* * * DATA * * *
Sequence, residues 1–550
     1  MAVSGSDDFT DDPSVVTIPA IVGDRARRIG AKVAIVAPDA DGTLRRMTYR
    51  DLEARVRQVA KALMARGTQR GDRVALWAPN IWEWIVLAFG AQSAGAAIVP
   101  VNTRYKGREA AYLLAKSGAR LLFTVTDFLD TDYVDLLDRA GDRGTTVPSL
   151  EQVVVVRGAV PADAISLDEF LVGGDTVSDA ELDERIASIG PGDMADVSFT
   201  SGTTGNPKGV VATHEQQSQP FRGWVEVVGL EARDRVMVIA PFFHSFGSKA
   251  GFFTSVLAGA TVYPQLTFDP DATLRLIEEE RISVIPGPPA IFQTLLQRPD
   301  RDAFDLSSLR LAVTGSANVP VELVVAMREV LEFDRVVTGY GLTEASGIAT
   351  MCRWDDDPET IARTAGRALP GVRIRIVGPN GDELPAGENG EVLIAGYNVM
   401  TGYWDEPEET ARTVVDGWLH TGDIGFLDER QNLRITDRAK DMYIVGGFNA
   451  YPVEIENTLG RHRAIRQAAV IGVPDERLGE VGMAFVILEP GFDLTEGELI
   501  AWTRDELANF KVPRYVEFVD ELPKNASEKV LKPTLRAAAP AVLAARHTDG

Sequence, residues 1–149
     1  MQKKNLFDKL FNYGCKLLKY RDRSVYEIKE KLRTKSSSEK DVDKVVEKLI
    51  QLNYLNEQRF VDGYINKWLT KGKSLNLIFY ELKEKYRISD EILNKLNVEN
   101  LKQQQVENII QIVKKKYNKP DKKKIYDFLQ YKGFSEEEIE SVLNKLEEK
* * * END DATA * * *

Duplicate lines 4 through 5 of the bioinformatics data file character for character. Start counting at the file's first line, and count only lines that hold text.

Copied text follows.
   101  VNTRYKGREA AYLLAKSGAR LLFTVTDFLD TDYVDLLDRA GDRGTTVPSL
   151  EQVVVVRGAV PADAISLDEF LVGGDTVSDA ELDERIASIG PGDMADVSFT